There is no one person more responsible for the aesthetic of the modern food documentary than David Gelb, creator of Jiro Dreams of Sushi and Chef’s Table. His propensity for drama, along with his signature style, makes his work very easy to identify, even to a non-film nerd. As an homage, Fred Armisen, Bill Hader and Seth Meyers created a parody of Gelb’s popular documentaries with an episode of their own show, Documentary Now!, entitled, “Juan Likes Rice and Chicken.” Here are the 10 best parodied moments from the episode.
The episode begins with a whimsical voice over.
The first thing you hear in, “Juan Likes Rice and Chicken,” is Juan uttering the line, “I like to dream.” As is the case in quite a few Chef’s Table installments (Francis Mallmann, Grant Achatz and Vladimir Mukhin come to mind), we’re immediately met by the subject’s self-seriousness. Juan goes on to elaborate about what he dreams about, including being a spaceman (that part reminds us that this is parody).
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The restaurant is incredibly remote.
Early on, we learn that Juan’s restaurant is located 137 km outside of Bogotá, Colombia and requires an insane amount of work to reach. While many of the restaurants featured in Chef’s Table are located in urban centers, this particular reference applies to restaurants like Magnus Nilsson’s Fäviken and Ana Roš’ Hiša Franko, both of which are located in pristine, isolated environments.
We see old photos of the chef.
While Juan is being introducing, both by himself and by Bill Hader’s restaurant critic character, photos of Juan from both his childhood and as a young adult are shown onscreen to explain where Juan came from. This is a common sequence in every single episode of Chef’s Table and is perfectly placed in the Documentary Now! farce.
Kitchen activity appears in hyperlapse.
Another one of Gelb’s signature techniques, the hyperlapse, appears when we see Juan’s three-man kitchen. This is a direct pull from every episode of Chef’s Table.
Jonathan Gold and David Chang make appearances.
No episode of Chef's Table would be complete without visits from culinary world stars.
We see super-close-ups of the dishes as they’re being prepared.
In “Juan Likes Rice and Chicken,” the close-ups focus on butter being piped on top of rice and chicken being massaged by hand, but this shot style is used for any and all cuisines in both Chef's Table and Jiro Dreams of Sushi.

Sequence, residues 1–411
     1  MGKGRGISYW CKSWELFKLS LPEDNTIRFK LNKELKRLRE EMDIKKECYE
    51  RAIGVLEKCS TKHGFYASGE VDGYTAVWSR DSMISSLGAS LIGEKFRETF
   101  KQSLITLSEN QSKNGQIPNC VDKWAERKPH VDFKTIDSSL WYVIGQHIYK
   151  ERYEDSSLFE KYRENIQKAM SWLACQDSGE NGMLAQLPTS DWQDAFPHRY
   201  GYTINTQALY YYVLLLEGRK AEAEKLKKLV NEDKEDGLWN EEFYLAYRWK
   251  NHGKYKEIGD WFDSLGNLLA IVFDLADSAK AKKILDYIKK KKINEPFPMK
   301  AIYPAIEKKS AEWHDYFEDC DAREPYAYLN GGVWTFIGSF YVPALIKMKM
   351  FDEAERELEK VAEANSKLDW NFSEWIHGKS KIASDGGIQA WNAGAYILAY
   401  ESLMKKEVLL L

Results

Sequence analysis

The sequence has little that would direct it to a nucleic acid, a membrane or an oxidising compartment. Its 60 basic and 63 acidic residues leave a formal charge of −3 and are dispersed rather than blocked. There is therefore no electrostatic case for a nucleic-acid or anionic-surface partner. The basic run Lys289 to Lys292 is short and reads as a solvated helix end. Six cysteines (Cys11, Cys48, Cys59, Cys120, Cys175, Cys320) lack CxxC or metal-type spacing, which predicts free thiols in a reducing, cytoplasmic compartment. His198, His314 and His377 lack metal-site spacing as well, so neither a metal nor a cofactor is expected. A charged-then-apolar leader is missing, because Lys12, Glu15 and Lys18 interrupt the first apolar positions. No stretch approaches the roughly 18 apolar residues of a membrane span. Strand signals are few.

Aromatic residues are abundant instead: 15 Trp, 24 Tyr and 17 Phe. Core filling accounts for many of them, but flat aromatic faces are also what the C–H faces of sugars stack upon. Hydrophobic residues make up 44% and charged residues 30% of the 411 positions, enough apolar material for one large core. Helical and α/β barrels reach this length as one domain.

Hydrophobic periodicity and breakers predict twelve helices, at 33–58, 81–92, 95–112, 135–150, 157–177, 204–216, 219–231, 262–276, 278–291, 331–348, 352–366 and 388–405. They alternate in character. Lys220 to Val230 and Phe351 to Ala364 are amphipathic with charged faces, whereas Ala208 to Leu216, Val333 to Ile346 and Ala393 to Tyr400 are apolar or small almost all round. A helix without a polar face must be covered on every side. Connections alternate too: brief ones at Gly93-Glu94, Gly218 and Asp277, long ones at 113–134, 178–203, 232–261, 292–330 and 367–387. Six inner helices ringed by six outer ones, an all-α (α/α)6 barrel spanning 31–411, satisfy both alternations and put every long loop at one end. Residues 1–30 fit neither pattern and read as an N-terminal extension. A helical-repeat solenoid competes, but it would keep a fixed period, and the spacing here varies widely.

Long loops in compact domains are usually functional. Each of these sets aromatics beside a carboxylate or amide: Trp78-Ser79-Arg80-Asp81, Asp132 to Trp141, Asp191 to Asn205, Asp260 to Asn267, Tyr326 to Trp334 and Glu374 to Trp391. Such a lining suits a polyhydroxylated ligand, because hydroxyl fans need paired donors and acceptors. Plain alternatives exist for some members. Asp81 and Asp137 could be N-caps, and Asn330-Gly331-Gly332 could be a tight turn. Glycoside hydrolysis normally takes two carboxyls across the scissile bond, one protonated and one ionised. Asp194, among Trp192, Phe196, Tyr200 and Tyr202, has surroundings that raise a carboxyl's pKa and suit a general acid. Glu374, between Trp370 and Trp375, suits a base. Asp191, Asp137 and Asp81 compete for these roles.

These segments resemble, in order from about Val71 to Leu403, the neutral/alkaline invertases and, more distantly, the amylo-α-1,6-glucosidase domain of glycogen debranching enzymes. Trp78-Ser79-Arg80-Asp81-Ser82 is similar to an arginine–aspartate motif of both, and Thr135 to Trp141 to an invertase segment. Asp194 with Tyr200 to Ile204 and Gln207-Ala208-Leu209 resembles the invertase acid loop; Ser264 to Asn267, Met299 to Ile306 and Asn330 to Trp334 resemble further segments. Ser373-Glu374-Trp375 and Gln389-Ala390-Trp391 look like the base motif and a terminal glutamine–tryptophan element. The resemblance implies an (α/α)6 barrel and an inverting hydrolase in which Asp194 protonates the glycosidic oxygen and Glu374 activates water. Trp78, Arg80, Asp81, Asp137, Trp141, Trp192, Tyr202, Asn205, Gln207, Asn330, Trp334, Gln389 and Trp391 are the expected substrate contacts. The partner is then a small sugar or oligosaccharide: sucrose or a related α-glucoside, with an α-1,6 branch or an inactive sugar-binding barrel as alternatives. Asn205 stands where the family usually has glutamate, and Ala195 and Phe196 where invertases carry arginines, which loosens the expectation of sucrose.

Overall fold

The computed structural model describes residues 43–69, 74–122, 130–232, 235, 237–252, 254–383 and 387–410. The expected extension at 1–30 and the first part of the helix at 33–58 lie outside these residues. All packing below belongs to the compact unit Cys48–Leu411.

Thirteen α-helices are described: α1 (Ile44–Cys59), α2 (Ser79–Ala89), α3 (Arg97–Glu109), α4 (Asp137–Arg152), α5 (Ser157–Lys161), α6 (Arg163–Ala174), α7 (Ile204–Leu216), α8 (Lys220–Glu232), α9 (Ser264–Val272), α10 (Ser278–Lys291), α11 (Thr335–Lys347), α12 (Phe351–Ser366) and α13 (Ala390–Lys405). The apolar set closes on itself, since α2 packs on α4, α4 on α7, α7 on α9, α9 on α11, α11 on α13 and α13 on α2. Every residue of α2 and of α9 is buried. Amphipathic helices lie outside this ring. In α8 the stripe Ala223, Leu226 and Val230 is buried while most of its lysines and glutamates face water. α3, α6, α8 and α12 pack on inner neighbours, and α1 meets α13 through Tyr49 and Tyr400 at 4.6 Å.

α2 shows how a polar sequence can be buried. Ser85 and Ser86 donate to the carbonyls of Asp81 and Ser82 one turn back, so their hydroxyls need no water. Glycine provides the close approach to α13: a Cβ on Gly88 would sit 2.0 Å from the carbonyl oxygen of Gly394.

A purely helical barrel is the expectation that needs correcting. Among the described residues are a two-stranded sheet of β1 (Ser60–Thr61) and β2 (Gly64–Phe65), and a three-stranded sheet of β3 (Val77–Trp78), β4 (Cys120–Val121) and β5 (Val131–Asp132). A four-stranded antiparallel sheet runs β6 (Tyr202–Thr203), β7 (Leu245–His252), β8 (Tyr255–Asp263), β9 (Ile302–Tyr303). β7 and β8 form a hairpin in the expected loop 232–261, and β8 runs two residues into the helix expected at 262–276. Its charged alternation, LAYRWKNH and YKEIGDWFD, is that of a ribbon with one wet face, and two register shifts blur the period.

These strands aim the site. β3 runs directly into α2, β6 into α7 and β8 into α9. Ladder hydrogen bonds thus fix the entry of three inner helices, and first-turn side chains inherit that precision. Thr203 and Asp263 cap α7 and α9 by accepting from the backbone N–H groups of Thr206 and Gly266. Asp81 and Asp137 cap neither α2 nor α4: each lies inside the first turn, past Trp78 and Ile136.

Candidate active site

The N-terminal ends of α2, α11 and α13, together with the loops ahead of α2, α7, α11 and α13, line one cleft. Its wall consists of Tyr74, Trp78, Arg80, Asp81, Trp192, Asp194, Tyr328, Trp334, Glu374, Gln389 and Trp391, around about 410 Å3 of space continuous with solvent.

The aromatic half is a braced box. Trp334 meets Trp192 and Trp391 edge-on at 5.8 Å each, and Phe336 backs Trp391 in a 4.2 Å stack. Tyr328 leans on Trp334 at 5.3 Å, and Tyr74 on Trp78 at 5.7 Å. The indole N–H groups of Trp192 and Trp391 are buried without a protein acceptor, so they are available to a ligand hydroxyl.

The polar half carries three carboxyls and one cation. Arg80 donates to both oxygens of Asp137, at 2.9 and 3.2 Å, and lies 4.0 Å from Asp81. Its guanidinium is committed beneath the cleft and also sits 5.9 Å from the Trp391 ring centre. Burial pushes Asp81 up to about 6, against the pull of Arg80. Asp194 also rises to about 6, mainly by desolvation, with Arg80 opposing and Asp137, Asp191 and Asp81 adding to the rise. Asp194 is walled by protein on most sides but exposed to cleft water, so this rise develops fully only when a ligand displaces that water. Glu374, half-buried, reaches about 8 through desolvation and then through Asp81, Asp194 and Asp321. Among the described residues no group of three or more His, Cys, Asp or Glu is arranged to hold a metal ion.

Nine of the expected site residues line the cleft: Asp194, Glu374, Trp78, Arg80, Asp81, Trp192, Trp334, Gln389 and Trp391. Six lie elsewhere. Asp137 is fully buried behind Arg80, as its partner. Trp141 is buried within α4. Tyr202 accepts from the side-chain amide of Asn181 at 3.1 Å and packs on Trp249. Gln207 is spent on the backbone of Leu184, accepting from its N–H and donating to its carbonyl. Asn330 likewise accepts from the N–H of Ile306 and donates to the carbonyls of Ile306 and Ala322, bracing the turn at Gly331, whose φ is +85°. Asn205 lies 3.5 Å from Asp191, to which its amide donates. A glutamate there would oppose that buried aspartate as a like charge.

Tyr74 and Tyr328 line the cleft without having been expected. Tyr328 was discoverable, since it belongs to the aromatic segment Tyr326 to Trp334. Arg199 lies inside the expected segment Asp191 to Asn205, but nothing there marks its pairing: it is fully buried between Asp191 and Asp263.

There's a strained relationship between father and son.
Juan’s son Arturo (Armisen) is his father’s apprentice and since Arturo does not take well to the kitchen, you can sense quite a bit of tension between the two of them as Juan ponders his own retirement and mortality. While this type of relationship is seen in many episodes of Chef’s Table, it’s more clearly on display in Jiro Dreams of Sushi. The major underlying theme in Gelb’s breakout documentary is the relationship between Jiro and his sons, one of whom stays by his side as an apprentice while the other sets out on his own, just like in “Juan Likes Rice and Chicken.”
“I demand a lot from everyone. That's the price of perfection.”
There’s a moment in nearly every episode of Chef’s Table where the chef touches on how hard he works his staff. You can see it in the episodes that center on Dan Barber, Magnus Nilsson and Vladimir Mukhin just to name a few. Of course, the same happens in “Juan Likes Rice and Chicken” when Juan just says, “I demand a lot from everyone. That's the price of perfection.” It’s as if the Documentary Now! team is winking at the audience, knowing that viewers are waiting to check this off the list.
Combining slow motion with classical music.
Another signature Gelb technique. The best example here is when Juan explains his chicken tenderization technique, which utilizes an air cannon to blast the chicken breasts against the kitchen wall. The overture in the background really pulls the scene together.
The subject learns a lesson and decides to slow down.
As with so many chefs featured in Gelb’s work, Juan learns by the end of the Documentary Now! episode that he needs to slow down (after suffering his fourth heart attack) and hand control to Arturo, even if Arturo is not up to the challenge. While nervous at first, Arturo rises to the occasion and seamlessly takes over the restaurant, conquering his fear of chickens and leaving his passive interest in cooking behind.